Advertising Research

A lot of people try to present marketing and advertising as a science, but in reality it isn’t. In reality, even advertising research is subject to a lot of different methodologies and interpretations. A lot of people proceed with advertising market research as if they were just doing social science. They try to get as good a sample as they can and the most accurate results possible, taking great time and effort to be scientific about it.

My particular approach to advertising research has always been somewhat different than this. When I research advertising, the goal is to come up with an effective advertising campaign. As such, all you need is plausibility. You don’t need to know for sure that an approach is the very best, you just need enough evidence to suggest that it will work well. After that, all you have to do is to trust in your own instincts.

There are a lot of more conservative advertising researchers who view this approach as kind of reckless. They say that if you don’t research advertising correctly, you can cost your clients a fortune in wasted money. To them, I always give the same reply: no matter how much advertising research you do, you can’t guarantee that an advertising campaign would work. Marketing and advertising is about taking risks with creative and innovative ideas. If what you need is security and guarantees, you’re probably in the wrong field.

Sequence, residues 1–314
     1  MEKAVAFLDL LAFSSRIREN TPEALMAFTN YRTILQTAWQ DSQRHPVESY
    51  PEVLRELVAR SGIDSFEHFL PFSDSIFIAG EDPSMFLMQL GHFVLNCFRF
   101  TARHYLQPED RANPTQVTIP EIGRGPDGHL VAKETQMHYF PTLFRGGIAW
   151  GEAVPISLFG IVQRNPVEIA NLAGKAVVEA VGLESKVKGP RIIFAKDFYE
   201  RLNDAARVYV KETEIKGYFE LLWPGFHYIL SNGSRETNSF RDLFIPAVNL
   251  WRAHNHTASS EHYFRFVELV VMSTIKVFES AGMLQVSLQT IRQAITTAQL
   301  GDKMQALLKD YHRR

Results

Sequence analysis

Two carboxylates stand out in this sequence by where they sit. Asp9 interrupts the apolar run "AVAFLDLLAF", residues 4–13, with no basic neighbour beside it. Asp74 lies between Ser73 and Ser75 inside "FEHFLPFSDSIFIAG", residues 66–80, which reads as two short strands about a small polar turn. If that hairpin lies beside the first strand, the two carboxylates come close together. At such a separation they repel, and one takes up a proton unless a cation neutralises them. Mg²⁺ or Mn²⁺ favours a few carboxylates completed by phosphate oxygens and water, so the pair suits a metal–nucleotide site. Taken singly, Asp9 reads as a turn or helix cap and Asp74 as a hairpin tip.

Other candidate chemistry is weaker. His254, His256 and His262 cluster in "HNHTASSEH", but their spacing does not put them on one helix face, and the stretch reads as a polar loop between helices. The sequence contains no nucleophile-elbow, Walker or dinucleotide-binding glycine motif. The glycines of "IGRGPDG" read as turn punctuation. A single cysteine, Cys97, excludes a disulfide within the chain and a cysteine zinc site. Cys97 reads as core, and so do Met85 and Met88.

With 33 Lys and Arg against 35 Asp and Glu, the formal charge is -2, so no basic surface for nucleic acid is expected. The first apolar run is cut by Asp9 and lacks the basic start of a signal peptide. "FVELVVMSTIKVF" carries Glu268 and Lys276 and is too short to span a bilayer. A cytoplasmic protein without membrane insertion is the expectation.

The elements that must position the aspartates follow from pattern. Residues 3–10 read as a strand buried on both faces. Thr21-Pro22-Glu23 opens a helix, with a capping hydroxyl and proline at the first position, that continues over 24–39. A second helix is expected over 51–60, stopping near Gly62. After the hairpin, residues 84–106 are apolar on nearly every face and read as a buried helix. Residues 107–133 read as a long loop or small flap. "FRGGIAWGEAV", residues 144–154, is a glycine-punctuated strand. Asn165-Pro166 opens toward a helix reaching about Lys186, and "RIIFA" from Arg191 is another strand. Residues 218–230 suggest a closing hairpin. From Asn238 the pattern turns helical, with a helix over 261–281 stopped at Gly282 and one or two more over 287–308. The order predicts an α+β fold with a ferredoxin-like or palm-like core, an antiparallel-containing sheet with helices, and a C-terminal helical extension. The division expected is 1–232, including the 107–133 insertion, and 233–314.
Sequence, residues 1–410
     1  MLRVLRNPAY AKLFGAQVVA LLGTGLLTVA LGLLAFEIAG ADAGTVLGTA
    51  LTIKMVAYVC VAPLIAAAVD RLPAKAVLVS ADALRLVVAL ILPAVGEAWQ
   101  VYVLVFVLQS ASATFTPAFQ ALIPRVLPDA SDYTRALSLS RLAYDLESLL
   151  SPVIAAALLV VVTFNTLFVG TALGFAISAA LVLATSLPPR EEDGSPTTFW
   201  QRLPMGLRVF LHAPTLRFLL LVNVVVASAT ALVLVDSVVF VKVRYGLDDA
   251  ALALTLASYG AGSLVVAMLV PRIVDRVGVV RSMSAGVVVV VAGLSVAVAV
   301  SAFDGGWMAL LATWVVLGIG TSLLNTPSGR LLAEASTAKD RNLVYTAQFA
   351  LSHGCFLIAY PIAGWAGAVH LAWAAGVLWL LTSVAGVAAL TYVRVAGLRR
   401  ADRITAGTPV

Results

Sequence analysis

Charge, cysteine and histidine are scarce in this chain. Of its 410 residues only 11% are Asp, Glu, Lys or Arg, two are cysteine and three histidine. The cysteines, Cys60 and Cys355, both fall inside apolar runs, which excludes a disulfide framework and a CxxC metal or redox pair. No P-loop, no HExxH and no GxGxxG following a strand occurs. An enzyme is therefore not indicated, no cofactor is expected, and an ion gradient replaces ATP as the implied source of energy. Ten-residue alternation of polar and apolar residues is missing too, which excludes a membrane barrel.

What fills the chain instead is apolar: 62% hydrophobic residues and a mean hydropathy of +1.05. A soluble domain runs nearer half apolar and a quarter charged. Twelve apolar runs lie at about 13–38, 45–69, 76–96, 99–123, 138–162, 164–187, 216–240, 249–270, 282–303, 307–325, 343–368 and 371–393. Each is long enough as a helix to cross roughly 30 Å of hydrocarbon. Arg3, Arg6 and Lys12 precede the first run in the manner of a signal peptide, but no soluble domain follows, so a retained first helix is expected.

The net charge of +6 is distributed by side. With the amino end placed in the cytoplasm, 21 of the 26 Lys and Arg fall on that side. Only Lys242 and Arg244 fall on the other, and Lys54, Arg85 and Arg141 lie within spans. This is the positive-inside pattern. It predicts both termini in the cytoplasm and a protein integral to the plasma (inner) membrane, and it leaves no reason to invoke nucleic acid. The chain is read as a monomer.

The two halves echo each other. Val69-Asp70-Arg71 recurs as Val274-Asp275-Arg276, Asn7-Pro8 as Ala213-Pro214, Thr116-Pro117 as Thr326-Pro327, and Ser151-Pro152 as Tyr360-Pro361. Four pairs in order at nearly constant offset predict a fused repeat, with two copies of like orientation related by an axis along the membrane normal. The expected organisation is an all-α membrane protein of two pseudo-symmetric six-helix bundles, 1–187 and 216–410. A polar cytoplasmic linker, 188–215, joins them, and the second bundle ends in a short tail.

That is not to say that advertising research is unhelpful. As a matter of fact, market research is one of the most useful tools that advertisers have. It can help you target a demographic more effectively, rule out questionable tactics, or figure out which media to emphasize primarily in your marketing campaign. Certainly, market research trials are always necessary before you spend the time and expense for a nationwide campaign. Best of all, your research can help you to convince a distrustful client that your approach will work.

The most important thing to remember, however, is that you are in business. As an advertising consultant, you have one goal: to make your client’s advertising campaigns succeed. If you can do that with a minimum of advertising research, go for it. If you think that researching your advertising strategy will help, go for it. You will find out soon enough whether or not your instincts are any good. If they aren’t any good, you probably should find a different field anyway.